Seattle has 22 games left and might need to win 16 of them to get into the American League wild-card playoff.

Share story

Following the three-game sweep by the Astros, the Mariners’ postseason hopes seem to be on life support, if not all ready ruled dead by some. Seattle finally got decent starting pitching in the series, but the offense was stymied by Houston’s superior starting pitching. The inability of the Mariners’ bullpen to operate successfully within the thin margins of victory/defeat was also a problem.

The prevailing questions for the few fans that haven’t already given up hope goes something like this:

From Seatown Baller @SeatownBaller


L.A. Angels @ Mariners, 7:10 p.m., ROOT Sports

Mariners, done or finished?

Well, OK, maybe not everyone has that same question, or that same level of snark. But for the sake of Mr. Baller — and usually people that label themselves ballers are far from ballers when it comes hoops skill — the question can be pushed to this: Have the Mariners finally crushed their own playoff hopes and dreams once and for all? It’s a premise that has been asked multiple times this season.

Here are the facts: After Thursday’s off day, the Mariners were 69-71 and 4 games back for the second American League wild-card spot held by the Twins (73-67).

Teams ahead of Seattle are:

• Angels (72-68) 1 game back

• Orioles (71-69) 2 games back

• Rangers (70-69) 2½ games back,

• Royals (69-70) 3½ games back

• Rays (70-71), 3½ games back

So the Mariners are 4 back with five teams ahead of them. That’s not ideal, or suboptimal as the “cool” sabermetric kids would say.

But a year ago on the same day, the Mariners were 71-68 and five games back for the second wild card with four teams ahead of them. On Sept. 7 of last season, the Mariners beat the Rangers 8-3 on a strong start from Ariel Miranda and two homers from Adam Lind. It was the start of an eight-game win streak that roared them back into the race. And being the Mariners, they went 1-4 over the following five games after the win streak stopped. But a 7-2 stretch followed the respite to keep them in it until the second-to-the-last day of the season.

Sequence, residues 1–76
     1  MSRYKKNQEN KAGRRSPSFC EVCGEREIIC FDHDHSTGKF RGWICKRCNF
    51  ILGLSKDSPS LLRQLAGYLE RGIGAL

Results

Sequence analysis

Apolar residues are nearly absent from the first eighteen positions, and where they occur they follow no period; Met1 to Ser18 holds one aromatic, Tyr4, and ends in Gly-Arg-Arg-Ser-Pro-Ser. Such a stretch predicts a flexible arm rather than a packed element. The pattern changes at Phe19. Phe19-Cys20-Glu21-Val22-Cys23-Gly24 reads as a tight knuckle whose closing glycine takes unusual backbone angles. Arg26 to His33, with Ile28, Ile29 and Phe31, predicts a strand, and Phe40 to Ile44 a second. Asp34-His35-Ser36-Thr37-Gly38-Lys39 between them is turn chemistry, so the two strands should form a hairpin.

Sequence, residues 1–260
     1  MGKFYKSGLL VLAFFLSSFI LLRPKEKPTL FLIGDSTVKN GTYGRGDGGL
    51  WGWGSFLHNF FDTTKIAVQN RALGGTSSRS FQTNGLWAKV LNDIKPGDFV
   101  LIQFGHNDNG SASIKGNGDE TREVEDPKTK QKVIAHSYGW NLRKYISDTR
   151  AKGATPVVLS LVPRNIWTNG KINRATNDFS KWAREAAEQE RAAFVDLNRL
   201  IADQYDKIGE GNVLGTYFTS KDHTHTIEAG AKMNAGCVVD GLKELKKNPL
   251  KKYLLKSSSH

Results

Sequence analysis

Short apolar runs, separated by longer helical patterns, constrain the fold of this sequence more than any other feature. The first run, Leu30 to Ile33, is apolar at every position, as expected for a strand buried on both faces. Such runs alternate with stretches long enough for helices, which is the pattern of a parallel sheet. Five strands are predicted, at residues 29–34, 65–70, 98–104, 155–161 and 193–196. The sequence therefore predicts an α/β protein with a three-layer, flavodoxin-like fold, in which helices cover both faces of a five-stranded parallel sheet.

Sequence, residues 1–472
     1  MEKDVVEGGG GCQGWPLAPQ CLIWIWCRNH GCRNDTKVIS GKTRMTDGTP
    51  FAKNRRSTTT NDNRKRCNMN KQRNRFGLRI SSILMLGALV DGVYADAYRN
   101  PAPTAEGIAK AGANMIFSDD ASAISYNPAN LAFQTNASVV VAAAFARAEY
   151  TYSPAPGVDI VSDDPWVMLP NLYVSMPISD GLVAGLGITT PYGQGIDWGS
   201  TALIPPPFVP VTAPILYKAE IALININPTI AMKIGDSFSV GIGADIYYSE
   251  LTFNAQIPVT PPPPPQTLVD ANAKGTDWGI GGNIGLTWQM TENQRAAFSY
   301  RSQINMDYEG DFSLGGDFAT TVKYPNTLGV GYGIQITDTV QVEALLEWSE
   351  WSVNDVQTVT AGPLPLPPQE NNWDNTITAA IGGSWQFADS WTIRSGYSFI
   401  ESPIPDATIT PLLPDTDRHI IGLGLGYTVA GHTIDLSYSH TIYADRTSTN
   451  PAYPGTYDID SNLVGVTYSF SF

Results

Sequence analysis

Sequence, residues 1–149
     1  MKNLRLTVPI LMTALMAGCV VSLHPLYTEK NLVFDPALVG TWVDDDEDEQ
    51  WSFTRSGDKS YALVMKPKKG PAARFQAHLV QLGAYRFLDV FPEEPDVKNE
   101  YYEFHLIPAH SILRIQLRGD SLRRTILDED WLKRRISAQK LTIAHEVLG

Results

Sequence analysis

It’s easy and logical to point out that this season’s version of the Mariners isn’t built to rip off eight wins in a row. They’ve had two streaks of six wins in a row and a stretch of winning nine out of 10.

But given the current state of the starting rotation — which doesn’t have James Paxton or Felix Hernandez — and the absence of key setup men David Phelps and Tony Zych, it’s difficult to see a run.

The Mariners have 22 games remaining. A conservative guess would say they’d need to win at least 85 games overall to have a chance. That means going 16-6 the remainder of the season. They’ve never had a stretch of that sort of success this season.

Of those 22 remaining games, only three come against a team with a losing record — the Oakland A’s. Seattle has seven more games with the Rangers, three with the Astros, six with the Angels and three against the Indians. All four teams are playing for something. The Astros are still trying to maintain their home-field advantage throughout the playoffs, while the Indians are chasing them. Both teams are simply better than Seattle in most aspects. And as mentioned, both the Rangers and Angels are still in the wild-card race.

Both Paxton and Hernandez will throw simulated games on Friday, meaning they could be back in the rotation on the upcoming road trip to Dallas and Houston if all goes well. Both would be limited to about 60-70 pitches in their first outings, but it would still be an improvement. The acquisition of Mike Leake and the solid pitching of Erasmo Ramirez will also help.

Still, there is a total reliance on the offense to win games. And facing the pitching of the Astros and Indians will be an issue.

Are the Mariners done or finished? Mathematically, they are neither. But nothing they’ve done has given a sense for optimism. They are going to have to win at a rate they haven’t done this season, and they’ll need serious failure from teams in front of them to have a chance.

The true answer to the question could come in the next week.